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Lowell_Skoog

More North Cascades trivia

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there's ponderosa pines at the north end of ross lake

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What was the name of the big mine that was located about .1 mile from the beginning on the Boston Basin trail?

Value-mines, wasn't it? As proof that I'm a genuine geezer, I have a picture of my wife sitting in my old car right next to the old mine building. You could still drive to them in the early 1980s.

Valumines was the name of the company; I always just referred to it as the Boston Mine. They were in limited operation in the mid 70's. Finding the Boston Basin trail in those days involved finding and following the black plastic water pipe above the mine. The Cascade Pass trail started at the mine as well and was much shorter than the existing one.

 

Regarding the obliteration and "rehabilitation" of the mine site I hope there's room for another point of view: that the obliterators and rehabbers have either no sense of history or a very finely focused one, and that removal of all traces pretty much amounts to an act of vandalism. The bunkhouse had been pretty much destroyed by a snowslide but I submit that the concentrator should have been left intact. Mining, like it or not, is an important part of Cascades history.

 

This isn't meant as a troll, BTW, though I admit it's probably pretty non-PC.

I feel the same way. It's cool to see the old concentrator remains up by Monte Cristo, even if it's just a big jumble of broken boards now. I'm guessing this is part of the National Park "no permanent structure" ethos.

otoh, I bet more people would be complaining about it sitting there decaying than complain about it being gone.

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The old mining stuff is pretty neat, i'll admit, it tends to start looking pretty gross after a while. It seems that kind of stuff can be better preserved through pictures and the like. It's gonna be destroyed by nature pretty quickly anyway.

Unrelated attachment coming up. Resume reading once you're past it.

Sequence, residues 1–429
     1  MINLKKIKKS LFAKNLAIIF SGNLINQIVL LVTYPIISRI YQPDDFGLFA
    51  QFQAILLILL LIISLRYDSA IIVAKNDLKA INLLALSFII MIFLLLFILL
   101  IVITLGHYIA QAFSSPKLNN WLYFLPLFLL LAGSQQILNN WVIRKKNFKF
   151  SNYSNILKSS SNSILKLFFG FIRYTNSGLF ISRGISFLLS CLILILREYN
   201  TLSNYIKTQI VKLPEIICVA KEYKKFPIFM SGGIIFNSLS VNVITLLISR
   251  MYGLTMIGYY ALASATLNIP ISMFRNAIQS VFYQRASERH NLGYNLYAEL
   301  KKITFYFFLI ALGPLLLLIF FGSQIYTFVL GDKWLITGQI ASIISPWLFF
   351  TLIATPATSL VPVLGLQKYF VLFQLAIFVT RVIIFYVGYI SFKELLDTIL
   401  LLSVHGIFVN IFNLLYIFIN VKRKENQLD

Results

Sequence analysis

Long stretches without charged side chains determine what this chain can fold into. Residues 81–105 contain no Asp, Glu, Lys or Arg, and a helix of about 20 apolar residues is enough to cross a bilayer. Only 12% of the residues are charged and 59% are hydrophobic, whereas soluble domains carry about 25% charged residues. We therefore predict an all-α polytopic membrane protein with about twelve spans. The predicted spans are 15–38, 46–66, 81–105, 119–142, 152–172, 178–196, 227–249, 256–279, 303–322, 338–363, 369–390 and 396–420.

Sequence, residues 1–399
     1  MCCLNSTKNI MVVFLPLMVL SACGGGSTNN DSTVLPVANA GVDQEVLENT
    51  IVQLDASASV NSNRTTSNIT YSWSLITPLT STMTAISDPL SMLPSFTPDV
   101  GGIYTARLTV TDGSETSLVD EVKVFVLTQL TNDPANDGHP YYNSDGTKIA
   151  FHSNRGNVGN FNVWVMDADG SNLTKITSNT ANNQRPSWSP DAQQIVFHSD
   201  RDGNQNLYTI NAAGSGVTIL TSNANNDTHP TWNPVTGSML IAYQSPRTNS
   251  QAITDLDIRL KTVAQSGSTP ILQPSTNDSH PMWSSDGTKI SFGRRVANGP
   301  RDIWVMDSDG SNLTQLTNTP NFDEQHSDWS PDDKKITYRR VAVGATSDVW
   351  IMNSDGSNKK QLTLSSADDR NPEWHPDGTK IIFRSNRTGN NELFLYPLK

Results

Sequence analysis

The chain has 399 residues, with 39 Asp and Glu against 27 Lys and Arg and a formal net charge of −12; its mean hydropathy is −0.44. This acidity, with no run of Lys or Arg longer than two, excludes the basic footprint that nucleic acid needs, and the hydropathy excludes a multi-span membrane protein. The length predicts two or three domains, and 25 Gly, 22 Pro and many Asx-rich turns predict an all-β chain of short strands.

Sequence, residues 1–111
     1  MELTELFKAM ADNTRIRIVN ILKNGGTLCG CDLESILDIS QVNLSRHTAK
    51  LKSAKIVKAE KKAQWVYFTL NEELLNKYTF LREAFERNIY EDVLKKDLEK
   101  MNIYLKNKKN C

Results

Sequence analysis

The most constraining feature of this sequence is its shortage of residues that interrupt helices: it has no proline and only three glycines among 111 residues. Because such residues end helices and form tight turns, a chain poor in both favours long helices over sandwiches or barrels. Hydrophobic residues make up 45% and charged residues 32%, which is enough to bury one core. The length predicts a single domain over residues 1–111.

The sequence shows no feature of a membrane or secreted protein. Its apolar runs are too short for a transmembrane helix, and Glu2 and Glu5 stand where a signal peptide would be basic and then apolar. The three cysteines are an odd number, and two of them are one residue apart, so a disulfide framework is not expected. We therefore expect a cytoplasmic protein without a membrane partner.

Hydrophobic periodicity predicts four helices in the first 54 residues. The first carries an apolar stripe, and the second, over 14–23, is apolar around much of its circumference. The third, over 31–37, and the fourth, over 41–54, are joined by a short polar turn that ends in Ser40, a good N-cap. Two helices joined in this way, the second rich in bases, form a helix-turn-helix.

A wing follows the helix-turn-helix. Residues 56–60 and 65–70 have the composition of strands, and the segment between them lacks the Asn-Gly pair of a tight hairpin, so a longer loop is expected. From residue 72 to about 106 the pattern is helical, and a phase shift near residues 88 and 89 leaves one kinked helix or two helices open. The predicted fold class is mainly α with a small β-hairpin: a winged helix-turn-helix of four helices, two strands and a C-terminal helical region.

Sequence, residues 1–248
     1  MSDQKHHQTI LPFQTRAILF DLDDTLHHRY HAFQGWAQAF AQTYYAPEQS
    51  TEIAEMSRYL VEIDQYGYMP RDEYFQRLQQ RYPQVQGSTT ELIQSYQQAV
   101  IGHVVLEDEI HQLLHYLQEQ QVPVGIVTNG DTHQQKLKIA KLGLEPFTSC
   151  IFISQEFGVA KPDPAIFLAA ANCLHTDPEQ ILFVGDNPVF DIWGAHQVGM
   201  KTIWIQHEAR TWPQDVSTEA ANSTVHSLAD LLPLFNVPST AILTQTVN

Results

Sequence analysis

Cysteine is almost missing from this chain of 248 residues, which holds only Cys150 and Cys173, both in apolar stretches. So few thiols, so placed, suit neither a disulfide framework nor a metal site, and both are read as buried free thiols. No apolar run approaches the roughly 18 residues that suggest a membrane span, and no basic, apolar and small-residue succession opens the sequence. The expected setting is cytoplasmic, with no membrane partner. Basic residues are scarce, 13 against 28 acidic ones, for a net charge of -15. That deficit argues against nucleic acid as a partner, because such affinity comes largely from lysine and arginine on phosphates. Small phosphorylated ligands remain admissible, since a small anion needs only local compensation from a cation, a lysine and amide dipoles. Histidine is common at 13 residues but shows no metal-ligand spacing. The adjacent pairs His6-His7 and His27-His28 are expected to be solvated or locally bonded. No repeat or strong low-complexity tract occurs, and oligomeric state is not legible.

As far as Monte Cristo, what is the deal with the hotels and houses at the townsite. Were they ripped down? I can't imagine anything, even a wood building, could decay that quick.

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Wood buildings vanish fairly quick. Machinery is pretty much forever. Check out Kennecott AK if you ever get near it. Fairly fascinating place. Abandoned since, I think, 1938.

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Re: Monte Cristo buildings:

 

From Harry Majors' Monte Cristo book (p. 23):

"Monte Cristo has become a ghost town. The buildings have collapsed, rotted, or have been torn down. Mine entrances have been blockaded; and a dense stand of second-growth timber now occupies the site of the town. And what was once the forty-foot-wide main street of Monte Cristo is now but a narrow path in the forest."

 

A lot of the wood material was probably used as scrap for other construction projects elsewhere or used as firewood.

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As I was rereading the revelation that the ptarmigans had photographed their original traverse and other FAs, I thought I'd point out that the Darrs took photographs as well on some of their FAs. These photographs seem to be largely unpublished, but the Darrs, along with Leuthold and Metzger were the first to seriously explore and climb a large area near Stehekin and the Holden Mine. Photographs existed (at least into the mid 80s and may still exist) of the FA of Tupshin peak (sept 1940), and because that climb was done on a huge trip full of other FAs in the area, it is likely that the camera would have been there for the first climbs of: Devore, Flora, Wyeast, Riddle, and White Goat Mtn as well. I may be of some help in locating these photos is Lowell, Harry Majors, or the NWMJ folks wanted them for any reason.

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Ok, this thread has not been touch for a while and I've been meaning to add to it. Now's my chance since I bored here at work. This picture was taken in the Cascades..... Not the "North Cascades" but since this is trivia, I'll put it here.